"That's not very loving," said the guest who requested to attend the Lord's Supper at our altar one Sunday. He and his wife were visiting from another church not in fellowship with ours. "It's like you think that you are better than us."
Oh, contraire my friend.
A Lutheran Altar is no place for the good, it is no place for the strong. It is no place for the healthy. As Jesus said, "It is not the healthy who need a doctor but the sick." A Lutheran altar is reserved for those who are sick, who are sinful, evil, and weak. When my visiting friend was put off by our refusal to allow him to attend he was put off by the wrong thing. It is not that he was not good enough to attend. It is precisely the opposite. He was not bad enough.
The Catechism says that the Supper is "the true body and blood of our Lord Jesus Christ under the bread and the wine instituted by Christ himself for us Christians to eat and to drink." and that "These words, 'Given and shed for you for the forgiveness of sins,' show us that in the Sacrament forgiveness of sins, life, and salvation are given us through these words." The body and blood of Jesus are the body and blood of Jesus for sinners.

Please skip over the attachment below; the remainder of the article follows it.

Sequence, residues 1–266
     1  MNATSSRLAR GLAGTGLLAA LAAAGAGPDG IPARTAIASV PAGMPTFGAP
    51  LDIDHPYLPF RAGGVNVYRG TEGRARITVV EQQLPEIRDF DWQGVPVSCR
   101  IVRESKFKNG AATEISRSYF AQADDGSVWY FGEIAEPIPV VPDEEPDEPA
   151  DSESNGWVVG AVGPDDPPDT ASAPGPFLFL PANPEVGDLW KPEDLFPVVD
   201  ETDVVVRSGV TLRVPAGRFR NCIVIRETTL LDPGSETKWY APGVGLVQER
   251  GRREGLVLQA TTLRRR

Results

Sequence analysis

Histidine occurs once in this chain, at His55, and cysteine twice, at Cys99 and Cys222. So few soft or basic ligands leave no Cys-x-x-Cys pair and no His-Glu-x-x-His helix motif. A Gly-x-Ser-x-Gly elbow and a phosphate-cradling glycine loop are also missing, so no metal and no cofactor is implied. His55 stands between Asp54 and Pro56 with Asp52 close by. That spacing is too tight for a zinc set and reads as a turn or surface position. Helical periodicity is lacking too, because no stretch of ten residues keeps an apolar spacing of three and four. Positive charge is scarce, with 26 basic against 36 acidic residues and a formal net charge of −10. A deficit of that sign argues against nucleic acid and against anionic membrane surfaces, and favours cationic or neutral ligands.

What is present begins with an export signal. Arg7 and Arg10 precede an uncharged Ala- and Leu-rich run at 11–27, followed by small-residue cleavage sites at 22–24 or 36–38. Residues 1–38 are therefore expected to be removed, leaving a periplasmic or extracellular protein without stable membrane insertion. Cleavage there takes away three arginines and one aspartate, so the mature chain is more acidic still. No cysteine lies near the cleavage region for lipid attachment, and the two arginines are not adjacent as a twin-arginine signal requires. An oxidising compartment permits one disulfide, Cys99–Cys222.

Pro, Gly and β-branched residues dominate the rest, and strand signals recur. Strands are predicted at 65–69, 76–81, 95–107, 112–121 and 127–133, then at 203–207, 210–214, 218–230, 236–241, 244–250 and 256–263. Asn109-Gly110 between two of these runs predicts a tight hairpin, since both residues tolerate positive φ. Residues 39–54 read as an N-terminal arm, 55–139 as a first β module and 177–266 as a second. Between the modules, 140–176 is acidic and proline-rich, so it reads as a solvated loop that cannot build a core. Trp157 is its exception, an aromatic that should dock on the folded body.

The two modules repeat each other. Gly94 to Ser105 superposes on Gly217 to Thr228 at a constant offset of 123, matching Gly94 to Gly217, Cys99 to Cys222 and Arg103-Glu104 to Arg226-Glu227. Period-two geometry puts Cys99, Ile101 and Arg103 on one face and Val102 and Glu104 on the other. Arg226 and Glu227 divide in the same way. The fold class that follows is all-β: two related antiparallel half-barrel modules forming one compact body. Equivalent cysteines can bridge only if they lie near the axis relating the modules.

For those of us who have a terminal case of sin, there is no better medicine than the body and blood of Jesus. For those of us who are dying in our own trespasses and sin, there is no greater hope than receiving the body and blood of Jesus into my mouth. That body and blood is life; and not just a little extra life tacked on to an existence that is going to end soon anyway. It is life that never ends. It is eternal life.
If you're not sick you don't take medicine. Likewise, if you're good you don't need forgiveness. If your only problem is that you need to have your memory jogged from time to time you don't need "the body and blood of Jesus given for us Christians to eat and to drink." This body and blood is God's gift for sinners. My friend was not welcome to come because he needed more than just some quality time with the other people sitting in the pews. He needed Jesus.